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Financial Incentive Lacking for Young Adults

The administration is looking towards young adults—known for generally good health and a propensity to forgo health insurance—to participate in large numbers in the Affordable Acre Act’s (ACA) state based exchanges, helping to guarantee a balanced risk pool in the insurance market. Unfortunately, the ACA does not include strong enough financial incentives to inspire the majority of uninsured young adults to join the exchanges, according to a recent study from AAF. Many uninsured young adults do not purchase health insurance because the cost is far greater than what they expect to pay in medical bills. And while the premium subsidies, cost-sharing provisions, and tax penalty for being uninsured will make purchasing health insurance worthwhile for some, over 85 percent of uninsured young adults will likely find it financially advantageous not to purchase health insurance in 2014.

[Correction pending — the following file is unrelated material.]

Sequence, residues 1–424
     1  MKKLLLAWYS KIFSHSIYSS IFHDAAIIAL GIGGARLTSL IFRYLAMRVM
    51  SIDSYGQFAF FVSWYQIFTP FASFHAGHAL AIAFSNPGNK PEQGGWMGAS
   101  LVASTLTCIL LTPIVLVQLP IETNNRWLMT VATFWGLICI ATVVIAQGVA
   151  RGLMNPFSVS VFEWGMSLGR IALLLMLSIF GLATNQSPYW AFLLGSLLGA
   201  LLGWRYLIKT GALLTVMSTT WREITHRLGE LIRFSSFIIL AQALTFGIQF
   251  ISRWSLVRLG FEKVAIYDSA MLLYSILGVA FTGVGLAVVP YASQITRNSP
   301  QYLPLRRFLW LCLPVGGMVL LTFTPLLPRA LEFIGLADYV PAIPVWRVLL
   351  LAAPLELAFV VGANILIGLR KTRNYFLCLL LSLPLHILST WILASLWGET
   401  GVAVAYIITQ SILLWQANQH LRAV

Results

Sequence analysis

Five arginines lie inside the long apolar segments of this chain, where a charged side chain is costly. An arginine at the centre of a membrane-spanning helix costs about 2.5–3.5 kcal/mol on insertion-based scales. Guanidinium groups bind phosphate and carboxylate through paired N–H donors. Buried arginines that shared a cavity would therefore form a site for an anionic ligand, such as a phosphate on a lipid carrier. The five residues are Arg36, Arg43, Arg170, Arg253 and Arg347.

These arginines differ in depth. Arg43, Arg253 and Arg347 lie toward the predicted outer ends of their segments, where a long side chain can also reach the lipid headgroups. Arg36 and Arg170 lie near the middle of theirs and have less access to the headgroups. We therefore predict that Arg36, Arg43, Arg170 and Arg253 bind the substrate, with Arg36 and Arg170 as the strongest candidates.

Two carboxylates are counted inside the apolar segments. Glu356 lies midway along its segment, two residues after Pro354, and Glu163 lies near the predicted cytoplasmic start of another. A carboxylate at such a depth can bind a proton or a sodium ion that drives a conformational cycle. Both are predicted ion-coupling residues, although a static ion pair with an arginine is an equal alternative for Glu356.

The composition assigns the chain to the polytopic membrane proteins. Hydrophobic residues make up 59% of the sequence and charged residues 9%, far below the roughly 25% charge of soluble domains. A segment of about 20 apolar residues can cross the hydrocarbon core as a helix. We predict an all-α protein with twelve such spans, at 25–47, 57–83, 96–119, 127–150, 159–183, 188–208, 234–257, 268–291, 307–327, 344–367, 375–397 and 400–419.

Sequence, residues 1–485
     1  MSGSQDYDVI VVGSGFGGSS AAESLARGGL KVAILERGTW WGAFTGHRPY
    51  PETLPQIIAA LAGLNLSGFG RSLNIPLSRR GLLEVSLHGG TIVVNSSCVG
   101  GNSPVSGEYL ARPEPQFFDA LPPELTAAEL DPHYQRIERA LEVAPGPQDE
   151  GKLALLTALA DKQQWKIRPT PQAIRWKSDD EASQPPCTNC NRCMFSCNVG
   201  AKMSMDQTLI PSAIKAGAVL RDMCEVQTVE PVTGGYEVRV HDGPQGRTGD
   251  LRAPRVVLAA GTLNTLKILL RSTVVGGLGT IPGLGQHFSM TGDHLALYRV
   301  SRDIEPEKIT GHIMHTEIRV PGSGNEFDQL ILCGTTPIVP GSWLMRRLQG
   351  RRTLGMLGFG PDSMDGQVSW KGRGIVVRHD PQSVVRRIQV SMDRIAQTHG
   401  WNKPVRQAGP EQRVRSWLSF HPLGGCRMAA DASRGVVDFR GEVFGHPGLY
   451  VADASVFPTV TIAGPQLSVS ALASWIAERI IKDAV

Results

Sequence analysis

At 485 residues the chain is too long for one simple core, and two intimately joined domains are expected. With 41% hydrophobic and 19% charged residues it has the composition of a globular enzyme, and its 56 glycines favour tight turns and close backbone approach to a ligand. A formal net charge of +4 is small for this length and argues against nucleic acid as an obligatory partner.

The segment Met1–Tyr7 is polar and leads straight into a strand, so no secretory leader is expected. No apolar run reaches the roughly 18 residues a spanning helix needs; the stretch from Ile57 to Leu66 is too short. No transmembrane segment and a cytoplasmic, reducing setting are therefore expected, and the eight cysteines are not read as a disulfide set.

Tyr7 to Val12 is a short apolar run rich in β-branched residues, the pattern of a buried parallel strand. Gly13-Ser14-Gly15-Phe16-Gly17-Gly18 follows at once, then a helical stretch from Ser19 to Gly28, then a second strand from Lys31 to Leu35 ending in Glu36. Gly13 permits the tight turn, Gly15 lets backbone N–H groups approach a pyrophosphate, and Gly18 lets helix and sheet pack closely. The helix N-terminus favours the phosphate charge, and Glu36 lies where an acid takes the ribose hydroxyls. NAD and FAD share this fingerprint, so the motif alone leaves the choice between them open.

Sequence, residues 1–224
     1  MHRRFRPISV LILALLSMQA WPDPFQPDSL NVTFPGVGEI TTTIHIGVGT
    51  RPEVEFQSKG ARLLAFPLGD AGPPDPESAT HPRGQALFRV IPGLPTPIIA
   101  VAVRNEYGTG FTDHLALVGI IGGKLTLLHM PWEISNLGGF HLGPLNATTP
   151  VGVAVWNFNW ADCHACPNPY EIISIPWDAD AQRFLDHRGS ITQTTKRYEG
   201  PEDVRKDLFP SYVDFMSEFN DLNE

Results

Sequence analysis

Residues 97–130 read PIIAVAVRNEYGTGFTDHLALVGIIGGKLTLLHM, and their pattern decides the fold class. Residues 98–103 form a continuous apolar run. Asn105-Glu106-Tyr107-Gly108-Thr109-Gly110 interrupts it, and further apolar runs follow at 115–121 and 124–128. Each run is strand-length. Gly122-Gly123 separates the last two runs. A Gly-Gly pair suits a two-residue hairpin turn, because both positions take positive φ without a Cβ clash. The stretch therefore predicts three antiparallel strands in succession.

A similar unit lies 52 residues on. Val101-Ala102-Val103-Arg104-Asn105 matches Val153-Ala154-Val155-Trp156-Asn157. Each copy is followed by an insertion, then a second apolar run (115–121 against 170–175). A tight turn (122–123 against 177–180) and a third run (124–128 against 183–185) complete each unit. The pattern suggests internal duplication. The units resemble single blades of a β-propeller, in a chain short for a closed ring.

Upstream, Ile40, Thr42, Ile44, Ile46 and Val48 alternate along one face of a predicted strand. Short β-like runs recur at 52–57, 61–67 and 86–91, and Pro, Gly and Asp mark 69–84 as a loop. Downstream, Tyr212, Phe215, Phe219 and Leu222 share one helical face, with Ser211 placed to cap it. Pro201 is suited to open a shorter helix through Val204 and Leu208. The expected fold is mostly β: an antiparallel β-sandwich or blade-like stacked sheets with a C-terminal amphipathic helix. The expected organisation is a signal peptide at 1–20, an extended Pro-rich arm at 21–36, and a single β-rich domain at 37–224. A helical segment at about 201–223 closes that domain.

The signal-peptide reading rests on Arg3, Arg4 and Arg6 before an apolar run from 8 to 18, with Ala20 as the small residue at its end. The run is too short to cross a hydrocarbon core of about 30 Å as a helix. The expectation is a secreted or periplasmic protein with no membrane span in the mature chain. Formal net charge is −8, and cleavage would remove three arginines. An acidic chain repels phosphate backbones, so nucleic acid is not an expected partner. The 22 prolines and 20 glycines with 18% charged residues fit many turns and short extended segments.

The penalty for remaining uninsured will increase through 2016, leading more uninsured young adults to be financially incentivized to purchase health insurance, but masking a more subtle trend: each year, subsidized enrollees will be expected to cover a larger share of their premiums than the year before. An AAF primer on the statutorily mandated adjustments to ACA premium subsidies demonstrates that enrollee income contributions may nearly double over the next ten years. And as shown in the chart below, the financial burden of health insurance will increasingly outweigh the cost of being uninsured after 2016, despite federal premium subsidies.

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